• PersononPhone.jpg

    There are several reasons why you might believe that award seats are available, when they are not. Sometimes a website will show available seats, even when there is really no award space (called "phantom availability"). If you used another program’s website to check for space, there is a slim possibility that the program you are planning to use doesn’t have access to the exact same inventory. Or complicated routing rules might preclude the itinerary you expected to book. To avoid all these problems, simply call in to confirm.

  • When points will transfer instantly, the safest way to book is to transfer them while you are on the phone with the frequent flyer program. Call in and start booking your trip with the customer service representative. Once they make your reservation, ask them to hold on for a moment and transfer your points using your computer or phone. When the points show up, you can continue the booking process.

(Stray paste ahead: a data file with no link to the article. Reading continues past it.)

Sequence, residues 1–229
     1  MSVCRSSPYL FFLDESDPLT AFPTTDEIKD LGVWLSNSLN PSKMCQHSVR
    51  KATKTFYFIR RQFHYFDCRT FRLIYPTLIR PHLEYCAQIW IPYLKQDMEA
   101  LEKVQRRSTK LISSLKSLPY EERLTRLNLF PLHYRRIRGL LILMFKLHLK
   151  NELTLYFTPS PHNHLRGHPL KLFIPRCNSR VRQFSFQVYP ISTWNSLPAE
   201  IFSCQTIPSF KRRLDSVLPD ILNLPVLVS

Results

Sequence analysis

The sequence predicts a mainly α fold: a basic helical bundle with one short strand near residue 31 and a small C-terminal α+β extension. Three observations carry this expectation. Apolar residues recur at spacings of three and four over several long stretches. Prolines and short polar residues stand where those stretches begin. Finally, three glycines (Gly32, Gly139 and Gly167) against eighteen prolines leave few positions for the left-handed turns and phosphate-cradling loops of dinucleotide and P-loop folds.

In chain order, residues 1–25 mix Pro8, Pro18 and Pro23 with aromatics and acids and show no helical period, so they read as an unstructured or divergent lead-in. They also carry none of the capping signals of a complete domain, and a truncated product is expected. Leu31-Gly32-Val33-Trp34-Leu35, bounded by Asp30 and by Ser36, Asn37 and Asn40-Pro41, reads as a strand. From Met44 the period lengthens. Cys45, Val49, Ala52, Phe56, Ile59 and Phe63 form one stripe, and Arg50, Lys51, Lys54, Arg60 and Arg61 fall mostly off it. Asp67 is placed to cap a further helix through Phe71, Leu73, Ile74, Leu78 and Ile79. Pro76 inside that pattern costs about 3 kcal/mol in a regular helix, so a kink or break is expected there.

• You can follow a similar process using two browser tabs. Start booking your award in one window. Once you've selected your flights, transfer the points in another window, and then continue with the reservation. This approach is more convenient, but there is a slight chance that the award space is not really available when you try to complete the booking.

  • Not all transfers happen instantaneously. While most Ultimate Rewards and Membership Rewards transfers happen nearly instantaneously, that isn’t true for every airline partner and there can occasionally be delays. Many ThankYou and Marriott point transfers take days, and a few Marriott transfers can take weeks, to conclude. If you are not able to put your award on hold, there is some risk that the award space will disappear before the transfer is completed. If there is award space available on many different flights around the same time, the risk is low; but if award space is scarcer, the risk is high. Even if transfers happen instantaneously, it can still take a few minutes to go through the process of transferring your points and finalizing your award booking and the space can disappear.